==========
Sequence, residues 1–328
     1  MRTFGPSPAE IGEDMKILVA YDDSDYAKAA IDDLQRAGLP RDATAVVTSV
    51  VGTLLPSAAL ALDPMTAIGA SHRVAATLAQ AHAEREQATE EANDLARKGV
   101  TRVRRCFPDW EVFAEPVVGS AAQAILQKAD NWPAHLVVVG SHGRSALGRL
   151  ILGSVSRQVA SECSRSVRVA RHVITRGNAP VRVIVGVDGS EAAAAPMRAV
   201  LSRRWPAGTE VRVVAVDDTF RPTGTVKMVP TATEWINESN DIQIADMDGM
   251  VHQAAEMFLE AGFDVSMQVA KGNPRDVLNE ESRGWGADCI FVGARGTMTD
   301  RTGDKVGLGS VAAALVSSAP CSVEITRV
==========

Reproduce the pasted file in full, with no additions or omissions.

Sequence, residues 1–328
     1  MRTFGPSPAE IGEDMKILVA YDDSDYAKAA IDDLQRAGLP RDATAVVTSV
    51  VGTLLPSAAL ALDPMTAIGA SHRVAATLAQ AHAEREQATE EANDLARKGV
   101  TRVRRCFPDW EVFAEPVVGS AAQAILQKAD NWPAHLVVVG SHGRSALGRL
   151  ILGSVSRQVA SECSRSVRVA RHVITRGNAP VRVIVGVDGS EAAAAPMRAV
   201  LSRRWPAGTE VRVVAVDDTF RPTGTVKMVP TATEWINESN DIQIADMDGM
   251  VHQAAEMFLE AGFDVSMQVA KGNPRDVLNE ESRGWGADCI FVGARGTMTD
   301  RTGDKVGLGS VAAALVSSAP CSVEITRV